25 No. 3
May - June 2003
I first read about the Open Door initiative launched by the
European Chemical Industry Council (CEFIC) last year (see
article p. 4), memories of my open door days from college
surfaced instantly. These were days of fun, and their anticipation
quite exciting. I studied in a small, mostly regional and
relatively young university, the University of Mons-Hainaut
in Belgium (Hi there!). The open door event was, as I recall,
on Saturday when the labs usually were closed. For that day
however, we cleaned up the hallways a bit, prepared posters,
and arranged for fun displays of chemical experiments and
more serious presentations of our scientific research. It
was our chance to show off. High school and potential students
accounted for a large portion of visitors, but not all. Parents
and relatives of current undergraduate and graduate students
often found their way to the school; among them were always
a few teachers and engineers.
from time to time, there was the unexpected visitor, such
as the professor who worked on another floor, but who, until
then, had never found a good reason to pay us a visit. Alumni
who were now teachers or professionalssome working in
the chemical industrywere often quite inquisitive about
their former lab and school. Then, there was Monsieur et Madame
from down the street or next block; they were just curious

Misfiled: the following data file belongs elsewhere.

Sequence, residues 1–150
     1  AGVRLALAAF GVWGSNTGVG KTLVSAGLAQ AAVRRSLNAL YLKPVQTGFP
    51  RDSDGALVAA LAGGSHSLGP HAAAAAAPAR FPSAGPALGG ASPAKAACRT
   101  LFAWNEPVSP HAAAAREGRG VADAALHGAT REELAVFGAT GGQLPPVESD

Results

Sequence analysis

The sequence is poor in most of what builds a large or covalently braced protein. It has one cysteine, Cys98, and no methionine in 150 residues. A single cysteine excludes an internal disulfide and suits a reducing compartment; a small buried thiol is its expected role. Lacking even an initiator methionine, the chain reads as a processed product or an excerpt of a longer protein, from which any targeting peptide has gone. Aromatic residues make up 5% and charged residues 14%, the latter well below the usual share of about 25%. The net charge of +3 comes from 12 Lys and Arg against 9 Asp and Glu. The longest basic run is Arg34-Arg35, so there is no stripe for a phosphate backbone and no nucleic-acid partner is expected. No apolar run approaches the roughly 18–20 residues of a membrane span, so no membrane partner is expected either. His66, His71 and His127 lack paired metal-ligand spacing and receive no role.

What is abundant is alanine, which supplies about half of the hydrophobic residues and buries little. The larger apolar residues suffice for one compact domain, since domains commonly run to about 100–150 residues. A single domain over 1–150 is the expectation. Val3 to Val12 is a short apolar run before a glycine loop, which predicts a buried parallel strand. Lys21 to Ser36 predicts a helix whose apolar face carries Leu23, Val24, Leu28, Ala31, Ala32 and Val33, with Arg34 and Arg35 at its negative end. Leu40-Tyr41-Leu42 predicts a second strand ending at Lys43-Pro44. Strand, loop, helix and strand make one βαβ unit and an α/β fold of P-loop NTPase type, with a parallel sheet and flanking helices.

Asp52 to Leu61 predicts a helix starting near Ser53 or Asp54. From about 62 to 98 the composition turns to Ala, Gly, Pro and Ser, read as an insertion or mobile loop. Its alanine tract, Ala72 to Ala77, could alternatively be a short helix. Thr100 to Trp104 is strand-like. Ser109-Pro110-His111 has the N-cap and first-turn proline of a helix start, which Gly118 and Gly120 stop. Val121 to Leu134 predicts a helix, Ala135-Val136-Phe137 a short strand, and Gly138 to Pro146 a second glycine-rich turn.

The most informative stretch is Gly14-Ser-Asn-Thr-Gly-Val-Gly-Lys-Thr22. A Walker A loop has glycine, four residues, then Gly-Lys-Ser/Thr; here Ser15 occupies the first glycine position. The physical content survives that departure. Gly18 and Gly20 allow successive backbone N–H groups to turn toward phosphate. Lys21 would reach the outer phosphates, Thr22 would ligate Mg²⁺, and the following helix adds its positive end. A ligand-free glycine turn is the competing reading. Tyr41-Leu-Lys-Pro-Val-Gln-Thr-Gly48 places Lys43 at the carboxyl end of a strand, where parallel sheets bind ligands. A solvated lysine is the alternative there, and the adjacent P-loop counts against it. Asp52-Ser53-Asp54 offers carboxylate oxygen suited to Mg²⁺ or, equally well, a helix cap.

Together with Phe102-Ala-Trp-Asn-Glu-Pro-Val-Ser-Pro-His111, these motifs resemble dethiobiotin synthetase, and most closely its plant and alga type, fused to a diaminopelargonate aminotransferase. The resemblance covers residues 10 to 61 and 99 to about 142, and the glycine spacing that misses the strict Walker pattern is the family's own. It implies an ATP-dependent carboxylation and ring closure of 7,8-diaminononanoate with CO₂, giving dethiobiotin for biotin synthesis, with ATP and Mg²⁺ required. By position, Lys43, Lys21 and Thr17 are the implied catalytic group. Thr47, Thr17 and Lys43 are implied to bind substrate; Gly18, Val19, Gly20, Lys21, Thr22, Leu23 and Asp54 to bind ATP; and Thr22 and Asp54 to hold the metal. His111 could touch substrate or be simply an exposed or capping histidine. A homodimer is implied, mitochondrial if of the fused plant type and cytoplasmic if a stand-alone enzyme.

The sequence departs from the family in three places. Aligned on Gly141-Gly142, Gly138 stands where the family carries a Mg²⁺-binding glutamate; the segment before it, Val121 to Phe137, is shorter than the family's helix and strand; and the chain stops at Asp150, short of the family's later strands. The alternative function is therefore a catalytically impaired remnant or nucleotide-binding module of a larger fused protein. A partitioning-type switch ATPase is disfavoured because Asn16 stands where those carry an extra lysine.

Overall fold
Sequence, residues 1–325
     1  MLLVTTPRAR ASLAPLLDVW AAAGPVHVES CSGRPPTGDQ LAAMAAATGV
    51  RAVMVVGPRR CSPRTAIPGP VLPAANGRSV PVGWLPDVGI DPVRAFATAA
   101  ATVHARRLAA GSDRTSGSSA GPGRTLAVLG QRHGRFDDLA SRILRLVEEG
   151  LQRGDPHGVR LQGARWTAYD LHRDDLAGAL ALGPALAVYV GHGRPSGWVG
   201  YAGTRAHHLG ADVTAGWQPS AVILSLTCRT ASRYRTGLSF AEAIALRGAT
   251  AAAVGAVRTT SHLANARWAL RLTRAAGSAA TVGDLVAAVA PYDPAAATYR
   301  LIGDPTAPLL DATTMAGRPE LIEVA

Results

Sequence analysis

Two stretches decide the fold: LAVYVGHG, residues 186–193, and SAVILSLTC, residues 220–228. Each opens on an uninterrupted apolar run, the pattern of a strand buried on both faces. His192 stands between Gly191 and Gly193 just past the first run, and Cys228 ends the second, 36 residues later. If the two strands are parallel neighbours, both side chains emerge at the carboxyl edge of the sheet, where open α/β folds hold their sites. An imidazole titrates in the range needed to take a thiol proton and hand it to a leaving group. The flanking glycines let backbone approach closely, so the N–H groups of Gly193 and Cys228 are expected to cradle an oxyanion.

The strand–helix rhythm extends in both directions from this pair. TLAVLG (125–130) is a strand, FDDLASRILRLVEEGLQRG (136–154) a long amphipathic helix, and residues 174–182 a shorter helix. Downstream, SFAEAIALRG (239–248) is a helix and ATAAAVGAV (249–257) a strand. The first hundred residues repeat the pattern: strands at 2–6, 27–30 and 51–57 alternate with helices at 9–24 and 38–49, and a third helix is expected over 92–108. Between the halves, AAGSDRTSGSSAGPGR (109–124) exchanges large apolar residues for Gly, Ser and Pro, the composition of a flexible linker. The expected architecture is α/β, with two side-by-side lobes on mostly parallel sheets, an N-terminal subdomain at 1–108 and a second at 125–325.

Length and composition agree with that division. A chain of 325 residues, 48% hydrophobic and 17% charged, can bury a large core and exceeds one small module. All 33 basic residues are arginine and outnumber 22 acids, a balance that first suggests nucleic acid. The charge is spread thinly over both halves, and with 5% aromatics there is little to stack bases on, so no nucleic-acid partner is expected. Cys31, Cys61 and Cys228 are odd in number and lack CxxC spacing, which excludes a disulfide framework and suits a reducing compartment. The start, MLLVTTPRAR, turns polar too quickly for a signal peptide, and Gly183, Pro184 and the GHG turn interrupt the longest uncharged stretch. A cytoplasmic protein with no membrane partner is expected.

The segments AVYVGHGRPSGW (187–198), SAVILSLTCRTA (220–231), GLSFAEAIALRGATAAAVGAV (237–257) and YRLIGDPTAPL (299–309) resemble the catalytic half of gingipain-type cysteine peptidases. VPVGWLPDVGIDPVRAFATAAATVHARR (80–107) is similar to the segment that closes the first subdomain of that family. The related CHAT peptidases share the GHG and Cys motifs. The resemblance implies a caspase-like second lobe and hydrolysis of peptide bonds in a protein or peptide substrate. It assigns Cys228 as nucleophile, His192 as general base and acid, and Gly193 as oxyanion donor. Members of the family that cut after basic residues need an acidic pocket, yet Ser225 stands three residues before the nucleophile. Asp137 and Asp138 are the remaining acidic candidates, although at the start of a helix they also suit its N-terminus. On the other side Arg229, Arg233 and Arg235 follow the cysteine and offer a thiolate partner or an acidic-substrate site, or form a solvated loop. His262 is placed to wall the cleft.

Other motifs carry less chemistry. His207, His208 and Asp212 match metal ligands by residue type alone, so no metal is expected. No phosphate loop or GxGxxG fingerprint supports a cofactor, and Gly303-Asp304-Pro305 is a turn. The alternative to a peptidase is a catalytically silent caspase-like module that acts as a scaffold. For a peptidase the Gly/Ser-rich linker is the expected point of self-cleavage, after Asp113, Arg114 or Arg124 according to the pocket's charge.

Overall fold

to learn about our topics of research. They didnt know
if we were chemistry or physics students, and to them it made
no difference. Our job was to show them around, and hopefully
to leave them with the impression that the school was a good
and safe neighbor, and the realization that science can be
fun and yet very practical.
read now that the CEFIC initiative is a success is no surprise,
and dont try to tell me that it has anything to do with
the Belgian weather (see M. Devisschers article . .
.)! Before one can understand, or simply appreciate the value
of science, and chemistry in particular, one needs a certain
level of awareness. A guided tour of a chemical plant can
be an eye opener, as can the visit to a research laboratory.
I imagine that for those who work in such places, an open
door event can be a friendly way to share with visitors what
their jobs entail. The same sentiments behind these open door
initiatives can be seen in the issues to be addressed at the
symposia organized by the Subcommittee on the Public Understanding
of Chemistry during the next IUPAC Congress in Ottawa. (See
the program on page 6.) As the organizers note,
"Chemistry cannot flourish in isolation, but must develop
within a context of public understanding and mutual trust."
If you want to participate in such debate, mark your calendar
for 14 August 2003 the symposia will be "open door,"
i.e., open to the public!
last modified 29 April 2003.
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